How can I use Entity Framework to provide parameters to a stored procedure?

entity-framework parameters stored-procedures


How can I transfer arguments from Entity Framework to a stored procedure? I appreciate it.

11/30/2011 7:48:40 PM

Accepted Answer

For which version of the Entity Framework, is the first query? .NET 4?.NET 3.5? Significant (and positive) changes have occurred. in .NET 4.

Furthermore, what do you want to accomplish is:

  • take rows out of the database

  • a stored procedure without a return value

  • Map entity INSERT, UPDATE, and DELETE actions to a stored procedure?

We need to know what you're aiming at since these three scenarios are very distinct from one another.

Additionally, if you Google (or Bing) it, you can find plenty tutorials and blog posts that will teach you how to accomplish it. Here is a short list:

and many more, literally.

Update: Okay, so you want to access the database's data. In the situation, you should:

  • navigating to your EF model (*.edmx file)
  • right-click to chooseUpdate Model from Database
  • Select the desired saved process and follow the wizard's instructions.

enter image description here

The stored process now has an entry in your physical storage model. Next:

  • visit theModel Browser (Notice the context menu up top? It's just below.Update Model from Database then locate your method in the Storage Model.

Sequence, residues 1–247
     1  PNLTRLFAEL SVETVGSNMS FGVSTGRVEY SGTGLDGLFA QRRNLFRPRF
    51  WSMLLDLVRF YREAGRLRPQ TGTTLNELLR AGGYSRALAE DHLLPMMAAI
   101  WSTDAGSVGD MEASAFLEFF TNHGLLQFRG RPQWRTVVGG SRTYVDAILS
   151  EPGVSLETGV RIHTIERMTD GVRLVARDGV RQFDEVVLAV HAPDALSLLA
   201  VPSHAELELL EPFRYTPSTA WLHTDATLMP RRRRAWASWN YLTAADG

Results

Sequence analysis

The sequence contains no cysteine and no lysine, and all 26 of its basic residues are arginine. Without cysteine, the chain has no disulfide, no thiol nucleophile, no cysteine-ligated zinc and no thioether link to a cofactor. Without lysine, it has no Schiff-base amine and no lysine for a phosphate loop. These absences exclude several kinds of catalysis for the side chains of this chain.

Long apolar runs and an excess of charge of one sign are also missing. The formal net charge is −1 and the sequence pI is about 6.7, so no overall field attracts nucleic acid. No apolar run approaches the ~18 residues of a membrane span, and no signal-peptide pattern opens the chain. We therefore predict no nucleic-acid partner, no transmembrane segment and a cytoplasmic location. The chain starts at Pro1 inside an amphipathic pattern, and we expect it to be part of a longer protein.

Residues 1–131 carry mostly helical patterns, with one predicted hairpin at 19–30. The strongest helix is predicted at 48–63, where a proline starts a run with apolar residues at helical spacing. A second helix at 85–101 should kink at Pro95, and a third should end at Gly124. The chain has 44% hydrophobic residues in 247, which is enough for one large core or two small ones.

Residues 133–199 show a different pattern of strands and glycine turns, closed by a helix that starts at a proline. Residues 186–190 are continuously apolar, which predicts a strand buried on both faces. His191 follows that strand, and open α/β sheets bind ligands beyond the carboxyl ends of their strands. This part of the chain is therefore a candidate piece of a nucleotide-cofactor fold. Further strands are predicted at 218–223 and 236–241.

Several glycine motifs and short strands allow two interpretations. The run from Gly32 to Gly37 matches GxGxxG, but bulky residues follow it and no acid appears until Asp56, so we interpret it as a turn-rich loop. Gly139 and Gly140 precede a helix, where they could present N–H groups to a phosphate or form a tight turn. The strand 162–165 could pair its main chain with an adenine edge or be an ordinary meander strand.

• Right-click that action

enter image description here

  • Select Add Function Import It brings the stored method (function) from the physical storage model into the conceptual model (your entity context class, basically).

enter image description here

You have four options here:

  • If your stored procedure doesn't return anything (as in my example), you may still perform operations by calling a method on your context class.
  • Pick the relevant option from the menu if your stored procedure returns a list of scalars, such as an array of INT values, for example.
  • Your model's stored procedure may return entities, for example, fullCustomer entities - in such case, choose the entity you wish to map to by choosing the last option (your stored proc must return all columns for that entity, in this case)


  • In the event that your stored procedure produces results that are neither simply scalars (not just INT), nor an entity, you may choose option 3 and construct a new complex type (a class) that will house your stored procedure results.

Whatever you choose to do, EF will essentially generate a callable method on your object context class. Any arguments that your stored procedure needs will be the parameters of that approach, so you can send in anything like strings, ints, etc. with ease.

12/1/2011 5:56:53 AM

Popular Answer

Calling a stored method with numerous OUTPUT arguments is a different case. Here is an exhaustive example.

public void MyStoredProc(int inputValue, out decimal outputValue1, out decimal outputValue2)
    var parameters = new[] { 
        new SqlParameter("@0", inputValue), 
        new SqlParameter("@1", SqlDbType.Decimal) { Direction = ParameterDirection.Output }, 
        new SqlParameter("@2", SqlDbType.Decimal) { Direction = ParameterDirection.Output } 

    context.ExecuteStoreCommand("exec MyStoredProc @InParamName=@0, @OutParamName1=@1 output, @OutParamName2=@2 output", parameters);

    outputValue1 = (decimal)parameters[1].Value;
    outputValue2 = (decimal)parameters[2].Value;

Observe the utilized Types (decimal.) If a different type is required, remember to update both the method argument list and theSqlDbType.XXX .

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